Belle Fourche Campground: Devils Tower is a must see, and the nearby campground is also great for families. It has rocks for scrambling on, short trails, a visitor center and nearby ice cream.
Granite Creek Campground: This off-the-beaten-path campground in the Bridger-Teton National Forest is absolutely worth the drive. It has impressive views of sheer mountains, a small river and waterfall, and most importantly, a developed natural hot springs.
Sinks Canyon Campground: Two campground options await you in Sinks Canyon outside of Lander. Both offer easy access to where the river dumps mysteriously into the ground, a fish feeding area, visitor center and hike to a waterfall.
Colter Bay Campground: You likely won’t ever get this campground in Grand Teton National Park to yourself, but contending with neighbors is worth it for the views of the Tetons, boat tours, short trails, interpretive talks, visitor center and junior ranger program.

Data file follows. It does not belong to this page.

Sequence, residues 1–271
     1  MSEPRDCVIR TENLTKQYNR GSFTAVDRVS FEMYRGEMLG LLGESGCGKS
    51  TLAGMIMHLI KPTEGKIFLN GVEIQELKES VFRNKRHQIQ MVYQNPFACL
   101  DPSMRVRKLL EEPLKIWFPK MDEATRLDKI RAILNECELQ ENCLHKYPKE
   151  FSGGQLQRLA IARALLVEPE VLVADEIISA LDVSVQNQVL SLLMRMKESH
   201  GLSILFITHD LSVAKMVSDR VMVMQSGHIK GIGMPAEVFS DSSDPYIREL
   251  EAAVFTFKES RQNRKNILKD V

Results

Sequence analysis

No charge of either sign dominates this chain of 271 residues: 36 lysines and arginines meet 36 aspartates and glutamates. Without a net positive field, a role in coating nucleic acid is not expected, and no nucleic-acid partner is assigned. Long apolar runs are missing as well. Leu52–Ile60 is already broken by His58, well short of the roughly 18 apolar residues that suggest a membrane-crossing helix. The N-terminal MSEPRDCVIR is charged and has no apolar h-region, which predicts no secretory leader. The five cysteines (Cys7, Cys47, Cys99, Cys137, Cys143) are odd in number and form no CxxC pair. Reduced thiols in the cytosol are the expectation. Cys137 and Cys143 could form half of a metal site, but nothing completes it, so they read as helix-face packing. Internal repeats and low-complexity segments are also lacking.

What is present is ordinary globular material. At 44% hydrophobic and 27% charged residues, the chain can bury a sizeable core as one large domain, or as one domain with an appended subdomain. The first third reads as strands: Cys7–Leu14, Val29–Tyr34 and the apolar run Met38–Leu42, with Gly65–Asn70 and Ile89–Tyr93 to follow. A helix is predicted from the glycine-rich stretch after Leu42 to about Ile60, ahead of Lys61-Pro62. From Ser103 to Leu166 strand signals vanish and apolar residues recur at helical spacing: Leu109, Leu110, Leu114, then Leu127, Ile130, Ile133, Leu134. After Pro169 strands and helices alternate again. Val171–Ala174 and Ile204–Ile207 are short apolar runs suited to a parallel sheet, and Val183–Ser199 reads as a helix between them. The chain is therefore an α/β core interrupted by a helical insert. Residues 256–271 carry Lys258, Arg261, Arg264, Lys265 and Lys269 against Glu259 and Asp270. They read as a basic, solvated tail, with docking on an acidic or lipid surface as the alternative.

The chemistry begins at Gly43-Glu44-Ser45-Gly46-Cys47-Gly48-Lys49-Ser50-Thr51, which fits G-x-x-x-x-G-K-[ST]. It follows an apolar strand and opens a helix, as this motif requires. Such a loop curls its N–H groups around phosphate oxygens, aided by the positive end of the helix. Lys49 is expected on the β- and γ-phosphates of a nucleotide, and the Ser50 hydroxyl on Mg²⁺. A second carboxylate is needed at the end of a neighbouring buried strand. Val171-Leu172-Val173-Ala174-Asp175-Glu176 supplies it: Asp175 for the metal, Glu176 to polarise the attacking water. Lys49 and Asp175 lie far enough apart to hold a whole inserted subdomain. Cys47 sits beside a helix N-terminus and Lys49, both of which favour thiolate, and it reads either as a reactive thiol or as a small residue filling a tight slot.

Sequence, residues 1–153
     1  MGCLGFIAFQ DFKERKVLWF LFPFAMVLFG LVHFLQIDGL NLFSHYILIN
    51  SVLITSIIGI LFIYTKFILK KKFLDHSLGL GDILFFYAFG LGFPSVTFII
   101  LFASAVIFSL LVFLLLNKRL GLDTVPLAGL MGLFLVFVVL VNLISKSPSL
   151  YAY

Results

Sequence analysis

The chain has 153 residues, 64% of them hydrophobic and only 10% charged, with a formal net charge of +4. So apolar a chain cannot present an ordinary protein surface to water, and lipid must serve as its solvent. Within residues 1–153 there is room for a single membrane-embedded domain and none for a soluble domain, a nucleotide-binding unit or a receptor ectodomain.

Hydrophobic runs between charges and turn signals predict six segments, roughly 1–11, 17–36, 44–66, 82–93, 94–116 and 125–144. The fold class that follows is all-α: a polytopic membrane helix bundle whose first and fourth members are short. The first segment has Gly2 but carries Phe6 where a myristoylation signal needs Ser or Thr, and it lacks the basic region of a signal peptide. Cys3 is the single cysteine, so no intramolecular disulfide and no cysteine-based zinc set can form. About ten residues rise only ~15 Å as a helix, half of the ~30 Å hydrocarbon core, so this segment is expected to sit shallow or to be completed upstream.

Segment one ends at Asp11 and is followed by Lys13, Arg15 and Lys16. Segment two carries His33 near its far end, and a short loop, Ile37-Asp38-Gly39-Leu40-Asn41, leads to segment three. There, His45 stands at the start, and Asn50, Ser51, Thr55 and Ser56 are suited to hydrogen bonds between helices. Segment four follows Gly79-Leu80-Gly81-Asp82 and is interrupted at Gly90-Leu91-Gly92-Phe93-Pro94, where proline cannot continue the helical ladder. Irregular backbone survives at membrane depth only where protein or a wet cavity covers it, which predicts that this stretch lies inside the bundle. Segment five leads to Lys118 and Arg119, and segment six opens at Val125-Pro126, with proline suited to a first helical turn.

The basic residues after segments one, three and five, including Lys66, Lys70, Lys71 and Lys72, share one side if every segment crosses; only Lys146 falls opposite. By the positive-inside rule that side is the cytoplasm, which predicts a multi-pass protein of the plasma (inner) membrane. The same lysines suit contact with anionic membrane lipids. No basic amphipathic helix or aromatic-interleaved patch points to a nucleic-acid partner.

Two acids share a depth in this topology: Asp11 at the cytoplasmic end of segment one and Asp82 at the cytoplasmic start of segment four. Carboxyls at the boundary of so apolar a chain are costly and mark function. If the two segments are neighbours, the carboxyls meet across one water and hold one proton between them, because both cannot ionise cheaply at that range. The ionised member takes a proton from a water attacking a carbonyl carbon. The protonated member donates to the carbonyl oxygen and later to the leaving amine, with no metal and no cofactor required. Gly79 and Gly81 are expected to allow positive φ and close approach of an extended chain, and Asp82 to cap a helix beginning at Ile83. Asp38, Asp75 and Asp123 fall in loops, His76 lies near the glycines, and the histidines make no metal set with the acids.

Sleeping under the stars and playing in the dirt should be a reward on its own for young campers, but it’s never a bad idea to bring something special to eat. Try one of these creative treats to wow them and yourself.
Blueberry pancakes with grilled peaches
Yes, pancakes are more typical breakfast fare. But if you want something sweet for dinner, and you don’t have time or energy to make an additional dessert, these are a great option. The grilled peaches on top will settle even the biggest sweet tooth without pumping too much sugar in anyone before bed.
- 1/4 c SACO Cultured Buttermilk Blend
- 3/4 c all-purpose flour
- 1/4 c buckwheat flour
- 1 tbs granulated sugar
- 1 tsp baking powder
- 1/2 tsp baking soda
- 1/4 tsp salt
- 1 egg
- 1 c water
- 2 tbs vegetable oil
- 1 c blueberries
- 2 fresh peaches, cut in half and pitted
Place peach halves on a wire rack over your campfire. Cook until charred for 1 to 3 minutes.
Mix dry ingredients before you leave for quicker assembly in camp or use a prepared pancake mix. In a bowl or pot, add egg, oil and water to the dry ingredients. Fold in the blueberries. Heat oil in a frying pan. Add spoonful of pancake dough.
Slice peaches and serve on top of finished pancakes. Serves 4.
Pineapple upside down cake